Seize the opportunity!
Tragic as it is, the wipeout of Puerto Rico’s fossil-based infrastructure via Hurricane Maria creates a powerful opportunity to do it right the second time. With its vast solar and wind resources, why not make this sunny, breezy island the pilot project to develop 100% renewability in buildings for a populous island—using microgrids to build in resiliency, so if part of the system goes down, the rest still delivers power?
There’s already at least one island country we’ve all heard of that is near-100% renewable if you don’t count vehicles: Iceland (hydro and geothermal). Solar/electric entrepreneur Elon Musk has already converted several tiny, obscure islands, like Ta’u in American Samoa, and he says he can scale up to serve the 3,670,243 Puerto Ricans.
Of course, converting PR to renewables requires the re-invention of funding. We need mechanisms that allow a bankrupt country (technically part of the US) to front-load a huge infrastructure and then repay out of savings even when many pressing needs will be competing for those funds. The private sector won’t step up if they don’t have complete confidence that they’ll get paid back. Eco-economists, this is your moment!
But also, justice demands that a big chunk of financing come from outright grants, from the US government and various foundations and disaster relief agencies—just is occurred in storm recovery after other superstorms like Katrina, Rita, Sandy, and Irene. Even the heartless occupant of the White House, possibly the least compassionate and least competent man ever to hold that office, must not be allowed to marginalize Puerto Rico just because the population is Latina/Latino and the language is Spanish.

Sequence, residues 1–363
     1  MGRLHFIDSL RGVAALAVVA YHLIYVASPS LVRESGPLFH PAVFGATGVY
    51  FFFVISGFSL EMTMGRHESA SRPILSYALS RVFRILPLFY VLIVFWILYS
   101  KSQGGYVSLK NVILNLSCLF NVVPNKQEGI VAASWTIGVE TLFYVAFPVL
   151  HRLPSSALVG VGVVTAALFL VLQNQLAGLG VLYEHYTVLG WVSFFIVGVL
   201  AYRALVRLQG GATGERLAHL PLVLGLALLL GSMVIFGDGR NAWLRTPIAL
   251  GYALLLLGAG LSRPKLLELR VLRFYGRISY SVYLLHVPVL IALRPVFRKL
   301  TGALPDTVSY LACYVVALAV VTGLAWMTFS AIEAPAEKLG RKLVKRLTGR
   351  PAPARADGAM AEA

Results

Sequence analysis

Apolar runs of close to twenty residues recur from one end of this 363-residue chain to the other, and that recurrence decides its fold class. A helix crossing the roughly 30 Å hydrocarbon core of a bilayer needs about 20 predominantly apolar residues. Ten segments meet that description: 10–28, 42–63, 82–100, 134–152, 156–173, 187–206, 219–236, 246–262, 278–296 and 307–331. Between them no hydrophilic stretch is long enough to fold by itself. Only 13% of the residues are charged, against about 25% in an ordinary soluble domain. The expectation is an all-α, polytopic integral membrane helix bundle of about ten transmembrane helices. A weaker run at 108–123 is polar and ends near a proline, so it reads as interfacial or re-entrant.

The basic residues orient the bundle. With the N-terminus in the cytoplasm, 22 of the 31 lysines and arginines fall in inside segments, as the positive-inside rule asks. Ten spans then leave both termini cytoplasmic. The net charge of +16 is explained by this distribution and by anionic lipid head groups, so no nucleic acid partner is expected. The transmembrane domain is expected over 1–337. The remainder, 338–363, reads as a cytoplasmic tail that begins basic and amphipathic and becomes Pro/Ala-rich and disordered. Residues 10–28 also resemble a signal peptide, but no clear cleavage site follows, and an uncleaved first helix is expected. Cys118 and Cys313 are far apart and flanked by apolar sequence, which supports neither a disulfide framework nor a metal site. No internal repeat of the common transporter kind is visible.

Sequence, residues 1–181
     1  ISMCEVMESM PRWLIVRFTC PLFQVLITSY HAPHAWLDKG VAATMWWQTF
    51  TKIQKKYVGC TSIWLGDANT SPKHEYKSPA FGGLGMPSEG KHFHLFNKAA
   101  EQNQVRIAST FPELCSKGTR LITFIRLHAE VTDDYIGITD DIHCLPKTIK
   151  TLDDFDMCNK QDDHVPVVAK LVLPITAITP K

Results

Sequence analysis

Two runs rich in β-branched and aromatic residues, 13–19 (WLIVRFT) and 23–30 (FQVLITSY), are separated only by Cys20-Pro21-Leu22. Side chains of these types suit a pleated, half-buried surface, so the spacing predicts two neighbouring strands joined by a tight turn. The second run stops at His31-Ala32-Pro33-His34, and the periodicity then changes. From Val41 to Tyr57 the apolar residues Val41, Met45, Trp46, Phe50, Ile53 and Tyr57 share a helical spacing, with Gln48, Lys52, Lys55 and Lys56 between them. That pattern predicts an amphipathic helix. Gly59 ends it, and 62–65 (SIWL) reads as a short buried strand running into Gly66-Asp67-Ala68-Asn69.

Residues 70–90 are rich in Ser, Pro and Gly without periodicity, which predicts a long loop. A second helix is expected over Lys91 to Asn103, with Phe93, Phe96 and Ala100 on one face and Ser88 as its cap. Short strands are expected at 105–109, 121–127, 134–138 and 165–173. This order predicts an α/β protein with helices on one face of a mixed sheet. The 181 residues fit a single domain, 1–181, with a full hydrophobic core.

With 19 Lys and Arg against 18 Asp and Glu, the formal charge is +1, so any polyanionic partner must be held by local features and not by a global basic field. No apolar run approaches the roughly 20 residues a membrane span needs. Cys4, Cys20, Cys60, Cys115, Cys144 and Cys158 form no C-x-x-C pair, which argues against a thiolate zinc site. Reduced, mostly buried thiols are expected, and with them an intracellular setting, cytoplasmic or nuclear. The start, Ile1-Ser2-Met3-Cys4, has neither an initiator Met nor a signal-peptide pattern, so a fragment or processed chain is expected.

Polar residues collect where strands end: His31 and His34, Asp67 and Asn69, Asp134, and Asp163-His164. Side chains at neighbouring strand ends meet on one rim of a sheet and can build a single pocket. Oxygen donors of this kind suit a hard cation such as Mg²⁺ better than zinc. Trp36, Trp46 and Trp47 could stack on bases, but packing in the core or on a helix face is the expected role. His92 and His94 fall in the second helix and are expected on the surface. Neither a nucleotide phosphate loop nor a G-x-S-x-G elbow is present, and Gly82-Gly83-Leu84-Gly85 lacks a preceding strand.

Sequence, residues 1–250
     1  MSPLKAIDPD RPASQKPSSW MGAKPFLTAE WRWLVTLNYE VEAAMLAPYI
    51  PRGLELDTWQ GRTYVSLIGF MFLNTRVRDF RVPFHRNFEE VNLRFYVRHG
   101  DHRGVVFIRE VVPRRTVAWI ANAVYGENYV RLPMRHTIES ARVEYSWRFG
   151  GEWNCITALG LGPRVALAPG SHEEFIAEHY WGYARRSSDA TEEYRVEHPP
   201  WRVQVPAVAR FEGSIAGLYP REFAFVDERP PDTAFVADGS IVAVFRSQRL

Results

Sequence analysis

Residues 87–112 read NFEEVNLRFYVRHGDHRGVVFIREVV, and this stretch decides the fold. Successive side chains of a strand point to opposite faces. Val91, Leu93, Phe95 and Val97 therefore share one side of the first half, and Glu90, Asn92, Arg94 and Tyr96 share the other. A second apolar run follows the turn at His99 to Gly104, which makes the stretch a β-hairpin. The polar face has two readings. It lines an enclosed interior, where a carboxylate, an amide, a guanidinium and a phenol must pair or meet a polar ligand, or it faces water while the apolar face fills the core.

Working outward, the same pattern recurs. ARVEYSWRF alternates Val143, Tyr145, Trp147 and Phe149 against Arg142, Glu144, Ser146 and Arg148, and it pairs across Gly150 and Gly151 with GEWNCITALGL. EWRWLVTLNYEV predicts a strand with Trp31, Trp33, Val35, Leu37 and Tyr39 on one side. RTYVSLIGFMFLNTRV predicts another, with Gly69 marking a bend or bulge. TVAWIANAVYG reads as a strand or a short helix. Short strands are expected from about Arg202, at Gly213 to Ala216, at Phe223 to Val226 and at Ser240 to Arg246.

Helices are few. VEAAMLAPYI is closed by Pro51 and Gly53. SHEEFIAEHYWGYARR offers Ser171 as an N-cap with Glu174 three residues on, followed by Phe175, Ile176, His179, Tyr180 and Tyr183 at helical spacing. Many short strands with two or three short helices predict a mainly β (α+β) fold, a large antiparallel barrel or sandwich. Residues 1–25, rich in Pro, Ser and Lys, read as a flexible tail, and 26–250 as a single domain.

And wouldn’t it be cool if someone (Elon Musk perhaps?) stepped forward to fund a switch of the vehicle fleet to non-carbon-emitting sources? If the island had solar on every sunny room, it would be easy enough to supply the vehicles as well.
In some ways, converting the entire island to clean, renewable, resilient energy would actually make rebuilding cheaper and easier. Fossil fuel infrastructure is expensive, complex, and subject to environmental catastrophe. But if the money that would have gone to build tanker ports and refineries went to establishing on-island solar panel factories and training installers and to bringing in the raw materials to make millions of high-efficiency panels to deploy in every neighborhood in the Commonwealth, it’s doable.
I’m not the only and certainly not the first to say this. In addition to Musk, Time Magazine, Renewable Energy World, safe energy activist/author Harvey Wasserman, the deep-story news outlet Democracy Now, to name a few, have all said this is possible and desirable.